The subject of this study is the demand for vocational education from youth in urban low income families. The central focus of this study is to examine the rela-tionship among student-specific factors such as gender, academic performance, career awareness and socio-economic factors and as well as identifying the rea-sons for lesser enrollment for vocational training and education by youth in ur-ban low income communities.
The research was conducted using two-part survey instrument containing ques-tions related to demographics and questions related to vocational education. This study was helpful in illuminating the contradictions in youth demand for voca-tional education. A hypothesis was tested relative to the relationship between student personal factors and demand for vocational education. Demographic fac-tors were related to youth’s image on vocational education, with socio-economic status most appreciable among the several predictors. Correlation analysis was used as a method of statistical evaluation on this study, to test the strength of the relationship between indicators of the theory of planned behavior and of the de-mand for vocational education from urban youth in low-income communities.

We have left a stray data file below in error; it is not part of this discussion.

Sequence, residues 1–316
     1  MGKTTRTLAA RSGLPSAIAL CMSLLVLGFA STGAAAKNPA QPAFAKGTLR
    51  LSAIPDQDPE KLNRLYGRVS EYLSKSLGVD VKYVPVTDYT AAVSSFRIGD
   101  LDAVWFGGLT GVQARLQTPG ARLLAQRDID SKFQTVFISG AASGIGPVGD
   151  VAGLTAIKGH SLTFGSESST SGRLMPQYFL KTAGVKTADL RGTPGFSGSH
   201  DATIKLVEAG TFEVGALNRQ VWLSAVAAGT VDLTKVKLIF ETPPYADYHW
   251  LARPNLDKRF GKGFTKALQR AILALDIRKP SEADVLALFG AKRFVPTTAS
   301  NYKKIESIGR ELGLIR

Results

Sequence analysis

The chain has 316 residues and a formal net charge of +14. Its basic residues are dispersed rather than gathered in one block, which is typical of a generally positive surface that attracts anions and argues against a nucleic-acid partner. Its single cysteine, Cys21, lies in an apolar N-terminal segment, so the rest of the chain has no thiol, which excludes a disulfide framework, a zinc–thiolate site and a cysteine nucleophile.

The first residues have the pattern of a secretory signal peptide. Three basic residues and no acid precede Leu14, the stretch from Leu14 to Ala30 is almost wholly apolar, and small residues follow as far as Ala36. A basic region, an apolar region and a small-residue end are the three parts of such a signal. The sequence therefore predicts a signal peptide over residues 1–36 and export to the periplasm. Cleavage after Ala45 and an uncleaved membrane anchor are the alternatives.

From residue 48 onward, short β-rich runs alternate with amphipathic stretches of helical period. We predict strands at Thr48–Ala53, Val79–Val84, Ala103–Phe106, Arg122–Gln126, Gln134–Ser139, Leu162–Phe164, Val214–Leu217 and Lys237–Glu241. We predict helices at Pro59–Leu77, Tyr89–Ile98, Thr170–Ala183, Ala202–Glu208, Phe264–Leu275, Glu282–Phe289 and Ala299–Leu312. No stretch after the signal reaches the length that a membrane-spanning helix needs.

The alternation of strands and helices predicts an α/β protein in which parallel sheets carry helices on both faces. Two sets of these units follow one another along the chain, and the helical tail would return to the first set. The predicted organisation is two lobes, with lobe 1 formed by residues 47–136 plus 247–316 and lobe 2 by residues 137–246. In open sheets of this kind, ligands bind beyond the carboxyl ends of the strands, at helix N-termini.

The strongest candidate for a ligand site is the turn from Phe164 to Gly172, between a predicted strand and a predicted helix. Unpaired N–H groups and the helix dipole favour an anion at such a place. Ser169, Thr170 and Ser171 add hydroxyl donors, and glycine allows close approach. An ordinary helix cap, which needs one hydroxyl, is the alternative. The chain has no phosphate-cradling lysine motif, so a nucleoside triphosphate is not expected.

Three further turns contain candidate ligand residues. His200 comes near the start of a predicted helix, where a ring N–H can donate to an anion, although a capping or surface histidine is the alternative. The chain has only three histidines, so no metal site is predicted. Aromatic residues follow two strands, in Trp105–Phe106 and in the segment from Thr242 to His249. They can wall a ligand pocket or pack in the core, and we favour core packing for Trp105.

The study reflects that there is a less demand for enrollment in vocational educa-tion from urban youth. The finding dictate the root causes as, the lack of motiva-tion from parents and family, less awareness regarding vocational educational training programs, high tendency in youth to engage in easy and fast money earning activities, the lack of awareness of how important skilled labour market is, the reluctance to spend a period of training and the reluctance to leave easy and fast earning jobs. There is a gap between the community and government officers who are responsible for providing relevant public service for them.
Vocational education, Urban Youth